Those were the pearls of wisdom newly crowned London Marathon champion Eliud Kipchoge triumphantly brought back when he touched down on home soil Tuesday in the exalted company of his compatriots who proved the might of Kenyan distance runners in the British capital on Sunday.
Kipchoge, 30, who led two-time champion and titleholder, Wilson Kipsang and world record holder Dennis Kimetto to fill the podium on his London debut in a sparkling 2:04:42 is however, yet to decide whether he will go for a second world title in the summer in Beijing after winning the 5000m crown as a teenager at the 2003 edition in Paris.
For now, its party time with the ultimate distance champions set for a rousing reception at their home town in Eldoret.
“Running in 5000m helped me a lot in this race. I’m consulting my coach and management and see what’s next but for now I will relax and celebrate the victory that I have been dreaming for so long,” the beaming Kipchoge told reporters at Nairobi’s Jomo Kenyatta International Airport upon arrival.
After four months of preparation, the Chicago Marathon champion reemphasised he was confident of winning the star studded race, despite the imposing challenge of the arguably, the toughest ever field drawn for a men’s marathon race.
He went on to disclose how he seized his chance to complete the glory after 38 kilometres of hard running, tactical positioning and reducing the contest to a duel between him and 2012 and 14 winner Kipsang as the other studs fell off one after the other.
“I knew Kipsang could not grab water at 40km and then I had to switch immediately and grab some then chase him immediately and see how he reacted. It was a fight towards the end but crossing the line was so special.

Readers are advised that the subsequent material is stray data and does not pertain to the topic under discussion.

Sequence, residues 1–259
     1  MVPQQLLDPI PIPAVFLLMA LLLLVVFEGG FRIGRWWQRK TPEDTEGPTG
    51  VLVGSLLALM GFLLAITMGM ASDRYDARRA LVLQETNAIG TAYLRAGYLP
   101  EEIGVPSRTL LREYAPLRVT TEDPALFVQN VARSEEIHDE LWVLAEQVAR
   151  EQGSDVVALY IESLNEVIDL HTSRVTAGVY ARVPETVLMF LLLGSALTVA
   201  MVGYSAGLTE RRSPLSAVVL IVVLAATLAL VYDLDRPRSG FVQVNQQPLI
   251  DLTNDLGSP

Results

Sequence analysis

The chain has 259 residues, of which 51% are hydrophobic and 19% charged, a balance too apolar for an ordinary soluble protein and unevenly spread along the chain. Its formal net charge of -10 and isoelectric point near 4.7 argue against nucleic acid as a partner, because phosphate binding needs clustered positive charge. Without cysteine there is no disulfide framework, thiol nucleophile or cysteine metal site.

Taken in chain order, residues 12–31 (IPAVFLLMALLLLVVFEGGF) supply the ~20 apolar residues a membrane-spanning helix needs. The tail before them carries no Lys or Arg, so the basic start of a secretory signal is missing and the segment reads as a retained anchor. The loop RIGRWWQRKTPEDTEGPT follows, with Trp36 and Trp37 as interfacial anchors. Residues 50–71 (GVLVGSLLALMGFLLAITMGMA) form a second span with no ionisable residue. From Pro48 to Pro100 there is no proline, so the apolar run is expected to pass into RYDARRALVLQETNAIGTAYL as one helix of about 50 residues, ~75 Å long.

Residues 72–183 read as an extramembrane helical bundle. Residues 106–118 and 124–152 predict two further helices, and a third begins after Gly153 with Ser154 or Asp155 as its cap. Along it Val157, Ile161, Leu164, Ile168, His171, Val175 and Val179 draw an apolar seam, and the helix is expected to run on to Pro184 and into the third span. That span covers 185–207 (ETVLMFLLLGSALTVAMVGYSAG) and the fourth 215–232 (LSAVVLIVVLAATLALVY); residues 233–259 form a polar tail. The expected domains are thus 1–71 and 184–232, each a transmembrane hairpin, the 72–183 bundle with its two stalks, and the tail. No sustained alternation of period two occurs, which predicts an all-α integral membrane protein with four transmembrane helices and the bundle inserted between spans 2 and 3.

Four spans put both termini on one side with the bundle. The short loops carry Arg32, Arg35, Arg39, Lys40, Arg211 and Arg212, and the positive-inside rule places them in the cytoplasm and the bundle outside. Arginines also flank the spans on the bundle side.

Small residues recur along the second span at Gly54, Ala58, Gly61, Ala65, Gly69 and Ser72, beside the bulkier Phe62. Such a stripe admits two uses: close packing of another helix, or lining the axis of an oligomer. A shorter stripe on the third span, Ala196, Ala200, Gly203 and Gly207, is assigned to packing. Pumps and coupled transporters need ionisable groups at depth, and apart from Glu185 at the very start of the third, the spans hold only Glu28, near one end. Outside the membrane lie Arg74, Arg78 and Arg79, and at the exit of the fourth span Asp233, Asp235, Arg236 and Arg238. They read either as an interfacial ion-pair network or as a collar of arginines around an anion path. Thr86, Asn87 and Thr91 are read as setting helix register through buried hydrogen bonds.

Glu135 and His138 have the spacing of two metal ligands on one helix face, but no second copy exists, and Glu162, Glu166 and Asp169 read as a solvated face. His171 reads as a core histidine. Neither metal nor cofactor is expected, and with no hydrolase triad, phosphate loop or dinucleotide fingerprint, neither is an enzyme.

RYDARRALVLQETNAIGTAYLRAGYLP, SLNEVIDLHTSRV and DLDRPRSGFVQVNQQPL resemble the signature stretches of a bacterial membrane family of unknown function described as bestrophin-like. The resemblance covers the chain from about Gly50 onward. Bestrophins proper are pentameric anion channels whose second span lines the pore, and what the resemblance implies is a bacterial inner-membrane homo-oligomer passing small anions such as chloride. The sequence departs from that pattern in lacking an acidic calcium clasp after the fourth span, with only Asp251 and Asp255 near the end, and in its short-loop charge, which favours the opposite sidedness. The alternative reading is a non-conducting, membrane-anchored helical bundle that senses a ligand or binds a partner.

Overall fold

“I believe in good preparation and planning, so when I was going to London I believed I was the best competitor and at long last it has borne fruit. Having trained well, I had to increase the pace 200m towards finish line,” he narrated
“Ten years ago I was advised by my coach, when you are on the line you treat yourself as the best, I don’t need to Google or know what somebody else is doing. I’m happy to win London but I’m not saying I’m happy to upset the record holder and former record holder,” he added.
His coach, Patrick Sang, a retired two-time Worlds and 1992 Olympics steeplechase silver medallist, hinted Kipchoge could return to World Championships for the first time in eight years.
“Kipchoge has worked hard to be at the top and he ran against the best and his was a deserved victory. I saw him at the warm up area and I could see from his body language he was ready and not intimidated for the fight that wasn’t easy since nine of them had a time of 2:05.
“He has done a lot for this country and I think he still wants to do more and it will be prudent to go and see how best he will be if he gets the chance represent the country the way we witnessed in 2003 when he beat the giants like Kenenisa Bekele,” Sang told of the man he has mentored for almost a generation in the sport.